Readers unfamiliar with Twittersphere may take a while to find their bearings in Patricia Lockwood’s first novel. The first part of No One is Talking About This literally pits them online and pelts them with all manner of posts — from the absurd to the appalling, smart, outrageous, serious, flippant, strange, hilarious and horrifying.
This would not surprise followers of US-born Lockwood, 39, the “poet laureate of Twitter”, who gained fame with her sexts from a decade ago. Substance weights her irreverent style, substantiated by two poetry collections and her memoir, Priestdaddy, named one of the 10 best books of 2017 by The New York Times Book Review and winner of the 2018 Thurber Prize for American Humor.
In this new book, a nameless narrator acquires celebrity status when her post, “Can dogs be twins?”, goes viral and she is sucked into the portal (her word for the internet). Invitations to share her soc-med experiences take her around the world. Soon, speaking from what felt like a cloud bank lifts her from reality and she finds “this did not feel like real life, exactly”.
But with everyone asking, “Do you know… did you read…?”, and everything that happens, however small, silly or surreal, is tweeted and retweeted, it is near impossible to quit the addiction. People connect instantly with just one word —massacre — and there is always something to comment on, condemn or condone: candida overgrowth; school shootings; reality shows; climate change, call-out culture; dictators and pro-lifers; sealing wax manicure; laboured breathing; incest; Bitcoin; meltdown; the future of intelligence; a new funnier way of laughing. Ahahaha!
Lockwood’s extremely online narrator is spot-on in her sporadic posts, pithy observations — bizarre, ironic, subversive — looped to trending topics; a snatch of conversation; a young couple climbing into each other’s eyes, hands and mouth; pop-up alerts; childhood memories and family ties. Just as her physical and virtual worlds blur into each other, a text from her mother plucks her out of distraction and thrusts her into stark reality. Her younger sister is pregnant and something has gone wrong.
The baby has Proteus syndrome, a genetic disorder associated with Joseph Merrick, the Elephant Man, which affects one in two billion. Her head is growing disproportionately to her body, and the doctors do not think she will live.
The news silences the narrator in the portal. “She knew that as you scrolled you averted your eyes from the ones who could not apply their lipstick within the lines; from the ones who were beginning to edge up into mania; from the ones who were Horny… But above all you averted your eyes from the ones who were in mad grief, whose mouths were open like caves with ancient paintings inside.”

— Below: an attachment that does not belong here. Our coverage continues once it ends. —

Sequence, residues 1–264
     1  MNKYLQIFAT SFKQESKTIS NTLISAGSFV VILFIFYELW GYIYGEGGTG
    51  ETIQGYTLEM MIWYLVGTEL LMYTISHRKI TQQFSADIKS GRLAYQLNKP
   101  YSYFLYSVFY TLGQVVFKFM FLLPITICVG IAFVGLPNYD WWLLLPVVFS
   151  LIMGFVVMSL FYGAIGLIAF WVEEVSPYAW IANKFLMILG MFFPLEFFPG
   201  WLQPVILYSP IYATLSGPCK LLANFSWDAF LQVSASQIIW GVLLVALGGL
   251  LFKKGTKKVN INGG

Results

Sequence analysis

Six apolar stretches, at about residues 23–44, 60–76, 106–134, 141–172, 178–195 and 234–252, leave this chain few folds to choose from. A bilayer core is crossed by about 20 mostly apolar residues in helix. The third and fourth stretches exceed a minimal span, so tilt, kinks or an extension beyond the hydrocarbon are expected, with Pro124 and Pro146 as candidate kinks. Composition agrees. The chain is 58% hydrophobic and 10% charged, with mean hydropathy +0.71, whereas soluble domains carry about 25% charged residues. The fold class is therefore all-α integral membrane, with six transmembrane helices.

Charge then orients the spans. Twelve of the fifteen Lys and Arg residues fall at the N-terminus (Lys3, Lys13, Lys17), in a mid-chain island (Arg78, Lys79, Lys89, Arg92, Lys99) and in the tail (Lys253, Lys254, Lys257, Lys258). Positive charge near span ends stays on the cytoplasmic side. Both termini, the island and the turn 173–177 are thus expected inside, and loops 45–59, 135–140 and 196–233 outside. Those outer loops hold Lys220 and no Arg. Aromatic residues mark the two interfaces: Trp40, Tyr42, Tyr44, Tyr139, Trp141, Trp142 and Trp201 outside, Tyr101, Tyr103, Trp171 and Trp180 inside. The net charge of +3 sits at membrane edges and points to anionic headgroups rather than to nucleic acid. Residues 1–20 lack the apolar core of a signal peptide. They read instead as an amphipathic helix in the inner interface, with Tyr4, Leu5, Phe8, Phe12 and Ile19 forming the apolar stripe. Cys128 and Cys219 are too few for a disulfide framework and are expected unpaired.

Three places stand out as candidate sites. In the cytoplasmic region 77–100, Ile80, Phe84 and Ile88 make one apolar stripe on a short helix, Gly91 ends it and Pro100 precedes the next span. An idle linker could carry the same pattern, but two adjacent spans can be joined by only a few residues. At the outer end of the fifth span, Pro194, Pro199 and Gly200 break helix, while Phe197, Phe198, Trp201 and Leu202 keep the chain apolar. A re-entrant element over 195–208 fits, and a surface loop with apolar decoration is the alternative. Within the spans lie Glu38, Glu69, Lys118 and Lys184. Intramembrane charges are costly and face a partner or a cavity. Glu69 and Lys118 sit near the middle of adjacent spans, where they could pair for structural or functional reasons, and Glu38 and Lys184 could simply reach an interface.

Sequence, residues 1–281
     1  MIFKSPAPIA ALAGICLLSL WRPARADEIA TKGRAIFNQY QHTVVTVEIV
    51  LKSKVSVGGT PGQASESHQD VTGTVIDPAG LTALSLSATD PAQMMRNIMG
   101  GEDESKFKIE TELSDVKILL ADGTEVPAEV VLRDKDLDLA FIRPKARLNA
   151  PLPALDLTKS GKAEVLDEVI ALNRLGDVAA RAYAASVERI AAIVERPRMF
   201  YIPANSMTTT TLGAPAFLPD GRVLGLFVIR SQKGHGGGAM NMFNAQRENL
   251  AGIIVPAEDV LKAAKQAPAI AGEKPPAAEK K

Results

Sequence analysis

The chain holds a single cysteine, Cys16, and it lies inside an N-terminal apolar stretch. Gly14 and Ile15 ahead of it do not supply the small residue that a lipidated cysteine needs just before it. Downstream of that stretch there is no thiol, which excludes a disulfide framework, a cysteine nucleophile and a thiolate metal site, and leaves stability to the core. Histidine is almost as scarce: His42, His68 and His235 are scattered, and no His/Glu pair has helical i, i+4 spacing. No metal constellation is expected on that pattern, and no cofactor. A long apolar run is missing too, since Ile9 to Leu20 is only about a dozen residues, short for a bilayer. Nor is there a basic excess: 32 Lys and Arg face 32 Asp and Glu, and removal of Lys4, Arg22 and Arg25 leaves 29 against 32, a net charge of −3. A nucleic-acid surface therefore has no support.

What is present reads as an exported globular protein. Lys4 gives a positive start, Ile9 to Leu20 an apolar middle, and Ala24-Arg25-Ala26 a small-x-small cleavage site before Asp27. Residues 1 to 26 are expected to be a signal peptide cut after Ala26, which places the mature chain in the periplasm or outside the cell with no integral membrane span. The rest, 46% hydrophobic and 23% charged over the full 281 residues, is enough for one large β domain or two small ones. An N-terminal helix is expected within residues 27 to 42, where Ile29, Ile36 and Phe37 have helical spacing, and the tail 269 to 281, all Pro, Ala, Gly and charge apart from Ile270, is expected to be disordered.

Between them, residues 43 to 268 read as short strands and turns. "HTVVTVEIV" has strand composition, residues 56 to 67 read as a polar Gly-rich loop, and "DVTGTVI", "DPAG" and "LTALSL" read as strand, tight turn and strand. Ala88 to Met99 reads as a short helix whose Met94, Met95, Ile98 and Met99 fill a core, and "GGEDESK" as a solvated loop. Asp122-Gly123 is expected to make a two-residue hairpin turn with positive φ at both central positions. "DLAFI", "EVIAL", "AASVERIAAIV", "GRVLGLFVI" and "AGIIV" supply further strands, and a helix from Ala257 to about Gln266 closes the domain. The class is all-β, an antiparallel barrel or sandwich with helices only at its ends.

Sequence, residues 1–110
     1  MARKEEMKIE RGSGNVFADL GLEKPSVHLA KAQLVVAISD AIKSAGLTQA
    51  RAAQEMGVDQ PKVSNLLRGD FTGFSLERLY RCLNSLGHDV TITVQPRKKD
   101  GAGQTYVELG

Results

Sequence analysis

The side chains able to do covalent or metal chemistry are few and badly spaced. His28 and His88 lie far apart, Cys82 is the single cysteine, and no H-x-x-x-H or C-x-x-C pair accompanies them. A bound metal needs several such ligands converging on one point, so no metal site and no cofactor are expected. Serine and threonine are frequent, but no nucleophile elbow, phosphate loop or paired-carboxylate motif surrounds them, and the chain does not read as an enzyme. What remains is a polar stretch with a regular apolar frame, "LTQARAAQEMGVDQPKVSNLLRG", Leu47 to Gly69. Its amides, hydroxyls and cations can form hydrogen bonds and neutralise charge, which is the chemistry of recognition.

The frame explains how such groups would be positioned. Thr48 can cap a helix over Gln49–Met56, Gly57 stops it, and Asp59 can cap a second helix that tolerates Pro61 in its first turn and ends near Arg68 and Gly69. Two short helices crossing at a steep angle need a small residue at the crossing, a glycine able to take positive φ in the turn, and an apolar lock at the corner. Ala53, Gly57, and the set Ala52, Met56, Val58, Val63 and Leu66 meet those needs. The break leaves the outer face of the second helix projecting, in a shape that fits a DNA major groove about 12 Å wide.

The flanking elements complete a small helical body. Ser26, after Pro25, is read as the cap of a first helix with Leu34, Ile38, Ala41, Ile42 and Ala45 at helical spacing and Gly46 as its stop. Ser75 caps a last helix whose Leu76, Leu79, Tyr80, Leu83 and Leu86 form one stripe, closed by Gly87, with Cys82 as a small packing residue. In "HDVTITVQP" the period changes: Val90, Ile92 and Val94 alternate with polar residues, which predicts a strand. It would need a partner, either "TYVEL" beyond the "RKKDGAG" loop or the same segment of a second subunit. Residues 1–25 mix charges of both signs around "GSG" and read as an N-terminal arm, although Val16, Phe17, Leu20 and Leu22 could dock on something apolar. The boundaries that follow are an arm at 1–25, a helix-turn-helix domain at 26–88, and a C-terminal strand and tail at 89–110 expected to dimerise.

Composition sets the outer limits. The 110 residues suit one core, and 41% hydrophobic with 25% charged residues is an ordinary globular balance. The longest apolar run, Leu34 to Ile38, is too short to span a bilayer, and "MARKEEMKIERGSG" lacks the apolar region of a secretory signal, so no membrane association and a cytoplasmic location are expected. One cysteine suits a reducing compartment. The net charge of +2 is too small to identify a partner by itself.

She then starts a linear narrative that is stricken and intimate, focused on what’s happening. As the doctors wait to claim parts of the babe for science — placenta, cord blood, baby’s blood — the narrator settles into a new normal — cheap flights to Ohio to be with her sister; hospital coffee; watching movies and basketball matches to take her mind off things; beeping machines; trying to pray; and waiting to take black-and-white photos of the baby in the operating theatre before she died. But she did not: like a wet spring, she unfurled.
The newborn turns her unseeing eyes towards the family and learns to respond to their voices. The narrator hears a kindness in her own voice. She re-enters the portal but retreats again because everyone is arguing about the n-word. She realises the things she wants the baby to know are small, like going to a grocery store on vacation, a first library card, touching a cymbal for sound and then touching it again for silence.
In her Acknowledgements, Lockwood thanks her sister and brother-in-law for letting her share in the life of their daughter Lena, who died from Proteus. Knowing this makes you flip back to the pages where the narrator plays her niece music, sings her songs and reads, from Wikipedia, how Marlon Brando looks like a wet knife in a T-shirt, the cotton ball in each cheek when he talked. Useless information, but “one of the fine spendthrift privileges of being alive — wasting a cubic inch of mind and memory on the vital statistics of Brando”.
As the little bundle grows, she awakens her aunt’s five senses, the way travel does, and the narrator marvels at how love makes sense of chaos and pain. Dealing with loss and grief later, she finds herself changed. It is poignant, like sad poems on a wet afternoon. She feels a “new and unstoppable stream of care pour out of her palm” as she touches the hand of her hairstylist, who thought he had snipped her when a tear slipped from her eye.
When her tears are spent, she returns to the world and finds she can dance again. Invited to lecture on the portal, she talks about the communal mind and reads something with the voice she used to delight the baby and she remembers why she had entered the portal in the first place — to delight and be delighted.
It would have been delightful if there had been more on the narrator’s sister, 200 times less ironic than her, who declared before the baby’s birth: “I want a year.” Or her shielding brother who went to war because it was his turn; her mother who huddles behind the wheel to cry; her policeman father who carried the baby down to the morgue, his pearl-grey rosary wrapped round her wrist. Or her husband, unnamed like everyone else, who told her: “You were gone so long that Barbra Streisand became hot to me.”
Lockwood has a way with words, using them with the confidence of one certain of their force and power. Social media has the same potential, but trivia churned relentlessly gets tiresome. Raw, tender and real, No One Is Talking About This draws our gaze to what we could be talking about.
This article first appeared on May 10, 2021 in The Edge Malaysia.